When it’s softened, mix in half the nut paste, some extra pistachio slivers, and the chopped green part of a spring onion.

Leave that aside to cool off. It should look quite jammy.


Carrot and nut paste mix


Mix the other half of the nut paste into the bulgur wheat. I just got in there with my hands, then added in:

A handful of salted pistachios

4 tsp sesame seeds

2-3 tbs olive oil

Mix it all together really well. It should hold together if you squeeze it into a ball.


Cashew paste

Bulghur and paste

Press half of it into an oiled baking tray with sides.  I used one that was 10” x 14” x 1”, but I’d probably use a smaller one next time, to make the bake a bit deeper.

Press it down a lot, into all the corners.

Dollop the carrot filling onto the dough. It is very sticky, so use a wetted knife to spread it.

Add the rest of the dough, pressing it down again.

Sprinkle with sesame seeds, pressing them down a bit.

Mark into sections with a spatula, then drizzle with olive oil, making sure it goes into the marks. Don’t be scared of the oil, it will probably absorb it all, and it’s part of the flavouring.

Bake at 170C for 40 minutes until golden on top.

Mine was a bit crumbly around the edges, but it all got eaten, and actually fought over!

Edit: I have since discovered that you must knead the bulghur mixture a LOT, until it forms an actual dough. I’ll know for next time!



Tarkari Vegetable Curry

Vegetable oil and butter

1 large butternut squash, peeled and cubed

1 large aubergine, cut into chunks

2 bags of baby spinach leaves

2 large white onions, sliced into half rings

4 large garlic cloves, chopped

3 heaped tsp ground ginger (I had no fresh, squirrels ran off with it, long story.)

1 heaped tsp cumin powder

2 tsp ground coriander

1 tsp ajwain seeds (from the spice pack)

1 tsp turmeric powder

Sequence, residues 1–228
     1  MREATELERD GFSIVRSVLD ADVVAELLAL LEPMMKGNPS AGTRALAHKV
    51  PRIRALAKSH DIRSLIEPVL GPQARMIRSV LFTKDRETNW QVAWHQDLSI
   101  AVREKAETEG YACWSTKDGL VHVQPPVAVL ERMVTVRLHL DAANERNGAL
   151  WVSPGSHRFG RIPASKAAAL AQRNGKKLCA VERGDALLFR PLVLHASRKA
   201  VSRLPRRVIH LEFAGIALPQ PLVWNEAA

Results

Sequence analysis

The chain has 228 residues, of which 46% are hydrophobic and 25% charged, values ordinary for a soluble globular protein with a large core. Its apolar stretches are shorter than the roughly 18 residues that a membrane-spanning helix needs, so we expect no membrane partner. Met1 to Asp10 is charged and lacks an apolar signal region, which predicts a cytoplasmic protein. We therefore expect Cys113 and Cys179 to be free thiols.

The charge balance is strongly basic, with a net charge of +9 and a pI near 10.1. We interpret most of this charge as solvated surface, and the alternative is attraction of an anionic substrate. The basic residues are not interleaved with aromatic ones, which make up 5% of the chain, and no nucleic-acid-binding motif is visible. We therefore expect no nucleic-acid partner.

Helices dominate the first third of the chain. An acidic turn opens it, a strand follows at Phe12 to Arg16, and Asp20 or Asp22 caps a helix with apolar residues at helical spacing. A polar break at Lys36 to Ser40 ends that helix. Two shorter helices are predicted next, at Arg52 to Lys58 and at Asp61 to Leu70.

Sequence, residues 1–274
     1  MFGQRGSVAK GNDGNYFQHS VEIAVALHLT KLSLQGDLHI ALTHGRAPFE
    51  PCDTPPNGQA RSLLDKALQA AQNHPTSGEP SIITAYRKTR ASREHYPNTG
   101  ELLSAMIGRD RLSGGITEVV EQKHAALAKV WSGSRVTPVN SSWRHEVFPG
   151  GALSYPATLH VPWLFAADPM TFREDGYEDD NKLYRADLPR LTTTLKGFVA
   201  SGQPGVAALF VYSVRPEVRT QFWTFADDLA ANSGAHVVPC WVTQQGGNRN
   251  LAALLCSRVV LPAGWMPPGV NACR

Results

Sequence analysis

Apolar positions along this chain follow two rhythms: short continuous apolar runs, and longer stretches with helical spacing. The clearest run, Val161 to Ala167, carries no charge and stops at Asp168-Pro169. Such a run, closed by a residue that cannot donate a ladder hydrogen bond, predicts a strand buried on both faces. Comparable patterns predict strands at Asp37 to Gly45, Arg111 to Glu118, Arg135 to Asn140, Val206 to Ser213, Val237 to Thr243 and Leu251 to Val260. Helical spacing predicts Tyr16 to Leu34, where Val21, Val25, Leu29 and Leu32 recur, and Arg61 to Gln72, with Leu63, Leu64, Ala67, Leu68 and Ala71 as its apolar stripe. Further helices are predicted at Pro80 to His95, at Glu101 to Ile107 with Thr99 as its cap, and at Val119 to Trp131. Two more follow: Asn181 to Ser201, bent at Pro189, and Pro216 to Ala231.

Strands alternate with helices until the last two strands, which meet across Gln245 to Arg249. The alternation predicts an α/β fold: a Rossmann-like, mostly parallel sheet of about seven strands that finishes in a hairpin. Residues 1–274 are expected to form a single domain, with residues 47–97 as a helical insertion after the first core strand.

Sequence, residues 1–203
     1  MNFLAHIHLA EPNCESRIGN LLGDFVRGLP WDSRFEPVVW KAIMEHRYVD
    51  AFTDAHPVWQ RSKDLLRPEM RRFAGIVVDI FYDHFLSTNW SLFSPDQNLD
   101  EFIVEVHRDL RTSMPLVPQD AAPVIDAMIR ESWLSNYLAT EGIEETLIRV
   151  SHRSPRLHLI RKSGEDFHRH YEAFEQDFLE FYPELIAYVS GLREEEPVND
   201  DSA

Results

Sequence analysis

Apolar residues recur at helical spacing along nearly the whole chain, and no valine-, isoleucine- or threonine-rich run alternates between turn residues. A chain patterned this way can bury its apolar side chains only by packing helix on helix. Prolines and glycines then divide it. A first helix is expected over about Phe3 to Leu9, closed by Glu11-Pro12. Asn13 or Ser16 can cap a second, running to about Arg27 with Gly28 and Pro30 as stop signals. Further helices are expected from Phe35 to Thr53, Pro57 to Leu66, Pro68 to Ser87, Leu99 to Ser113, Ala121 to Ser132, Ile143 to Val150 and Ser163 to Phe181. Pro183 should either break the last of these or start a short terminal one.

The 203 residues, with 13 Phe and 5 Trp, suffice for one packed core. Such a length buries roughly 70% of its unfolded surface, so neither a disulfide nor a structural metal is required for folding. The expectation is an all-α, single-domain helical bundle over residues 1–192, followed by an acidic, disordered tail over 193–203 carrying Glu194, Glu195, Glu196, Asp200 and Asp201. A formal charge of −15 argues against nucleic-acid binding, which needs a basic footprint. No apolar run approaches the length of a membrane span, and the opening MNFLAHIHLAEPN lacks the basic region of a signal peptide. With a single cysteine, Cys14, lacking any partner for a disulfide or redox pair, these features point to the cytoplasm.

2 cartons of sieved passata (or use fresh tomatoes, but one of our guests was allergic to tomato seeds.)

6 cups of chopped mixed veg (I used cubed butternut squash, aubergine and 3 cans of chick peas)

Heat the oil and butter together.

Add the onions and cook down until they start to turn golden at the edges, then add the garlic.

Once the garlic has softened a little, add in all your spices, stir and mix well.

Add a couple of tbs of water, then cook until the oil starts to separate. Do that twice more – it strengthens the flavour.

After about 5 minutes of letting the spices cook out, add in the veg, and stir well to coat everything in the spices.

Add the passata so the veg is covered. (Squash takes a goodly while to cook.)

I left it to simmer, covered, on a very low heat for at least an hour, then stirred in 1 tbs of masala paste, as the tomatoes had reduced the intensity of the flavour a little.

Cooked for a few more minutes, then tipped in the two bags of spinach.

Sprinkle the spinach with a little salt, put the lid back on and leave to wilt, them stir it in.

This was served over plain basmati rice, with nigella seeds in, and plain yoghurt on the side. Some people did put everything in the bowl at once…

Tarkari and kibbeh

And the leftovers the next day were GLORIOUS.

Tarkari curry